Harrisburg Man Charged with Heroin Distribution and Possession of a Weapon in Furtherance of a Drug Trafficking Crime
HARRISBURG—The United States Attorney’s Office for the Middle District of Pennsylvania announced today that a federal Grand Jury in Harrisburg has returned an indictment charging Peter Fragoso, age 18, with distribution of heroin and the possession of a weapon in furtherance of a drug trafficking crime. Fragoso, a resident of Dauphin County, is also charged with possessing a firearm with an obliterated serial number.
According to United States Attorney Peter Smith, Fragoso was arrested while allegedly participating in a drug trafficking transaction in Harrisburg in June 2015.
This matter was investigated by the Pennsylvania State Police and the Federal Bureau of Investigation. Prosecution has been assigned to Assistant U.S. Attorney Chelsea Schinnour.
This case was brought as part of the Violent Crime Reduction Partnership (“VCRP”), a district wide initiative to combat the spread of violent crime in the Middle District of Pennsylvania. Led by the United States Attorney’s Office, the VCRP consists of federal, state and local law enforcement agencies whose mission is to locate, apprehend, and prosecute individuals who commit violent crimes.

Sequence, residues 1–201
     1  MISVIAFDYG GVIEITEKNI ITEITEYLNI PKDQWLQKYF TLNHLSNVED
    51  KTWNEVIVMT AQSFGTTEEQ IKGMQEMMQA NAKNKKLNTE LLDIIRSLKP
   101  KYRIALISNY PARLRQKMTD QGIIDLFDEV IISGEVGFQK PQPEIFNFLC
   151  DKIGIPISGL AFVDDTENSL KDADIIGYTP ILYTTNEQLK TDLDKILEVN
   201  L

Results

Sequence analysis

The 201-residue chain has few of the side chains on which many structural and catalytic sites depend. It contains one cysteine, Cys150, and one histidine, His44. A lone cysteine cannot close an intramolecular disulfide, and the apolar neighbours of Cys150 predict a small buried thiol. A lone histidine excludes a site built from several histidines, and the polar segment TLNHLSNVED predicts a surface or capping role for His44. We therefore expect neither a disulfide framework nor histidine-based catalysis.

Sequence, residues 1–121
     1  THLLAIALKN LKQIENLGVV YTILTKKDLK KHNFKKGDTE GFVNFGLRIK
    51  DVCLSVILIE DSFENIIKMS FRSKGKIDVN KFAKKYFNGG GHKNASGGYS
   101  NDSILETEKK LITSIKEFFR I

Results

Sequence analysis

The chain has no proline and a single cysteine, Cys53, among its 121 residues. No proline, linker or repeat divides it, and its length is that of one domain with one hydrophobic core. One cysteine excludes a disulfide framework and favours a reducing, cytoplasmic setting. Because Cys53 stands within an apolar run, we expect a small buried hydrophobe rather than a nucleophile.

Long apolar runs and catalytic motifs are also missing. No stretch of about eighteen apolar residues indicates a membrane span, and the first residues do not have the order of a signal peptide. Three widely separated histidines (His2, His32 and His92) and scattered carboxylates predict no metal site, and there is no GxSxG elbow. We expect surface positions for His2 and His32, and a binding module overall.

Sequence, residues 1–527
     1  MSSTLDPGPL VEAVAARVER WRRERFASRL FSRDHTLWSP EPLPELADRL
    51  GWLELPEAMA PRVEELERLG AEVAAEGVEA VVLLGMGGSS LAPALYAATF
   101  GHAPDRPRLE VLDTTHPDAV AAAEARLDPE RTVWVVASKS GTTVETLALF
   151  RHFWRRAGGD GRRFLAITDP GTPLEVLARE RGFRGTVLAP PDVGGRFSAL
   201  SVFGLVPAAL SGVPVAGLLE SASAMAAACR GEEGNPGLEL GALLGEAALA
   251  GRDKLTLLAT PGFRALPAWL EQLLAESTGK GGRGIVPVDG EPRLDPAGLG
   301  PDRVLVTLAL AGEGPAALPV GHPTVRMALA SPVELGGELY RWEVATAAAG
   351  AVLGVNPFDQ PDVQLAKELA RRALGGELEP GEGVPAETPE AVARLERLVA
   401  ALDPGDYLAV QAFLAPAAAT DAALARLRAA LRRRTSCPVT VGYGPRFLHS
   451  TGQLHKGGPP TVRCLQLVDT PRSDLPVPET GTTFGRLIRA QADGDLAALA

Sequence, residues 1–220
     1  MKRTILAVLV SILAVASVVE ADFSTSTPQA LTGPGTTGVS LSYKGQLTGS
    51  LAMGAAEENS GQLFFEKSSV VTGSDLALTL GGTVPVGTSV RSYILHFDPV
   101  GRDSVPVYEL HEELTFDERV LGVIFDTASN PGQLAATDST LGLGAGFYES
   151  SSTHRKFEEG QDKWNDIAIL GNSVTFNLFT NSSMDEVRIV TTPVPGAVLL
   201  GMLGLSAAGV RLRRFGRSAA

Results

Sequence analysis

Indictments and Criminal Informations are only allegations. All persons charged are presumed to be innocent unless and until found guilty in court.
A sentence following a finding of guilt is imposed by the Judge after consideration of the applicable federal sentencing statutes and the Federal Sentencing Guidelines.
The maximum penalty under federal law is life imprisonment, a term of supervised release following imprisonment, and a fine. Under the Federal Sentencing Guidelines, the Judge is also required to consider and weigh a number of factors, including the nature, circumstances and seriousness of the offense; the history and characteristics of the defendant; and the need to punish the defendant, protect the public and provide for the defendant’s educational, vocational and medical needs. For these reasons, the statutory maximum penalty for the offense is not an accurate indicator of the potential sentence for a specific defendant.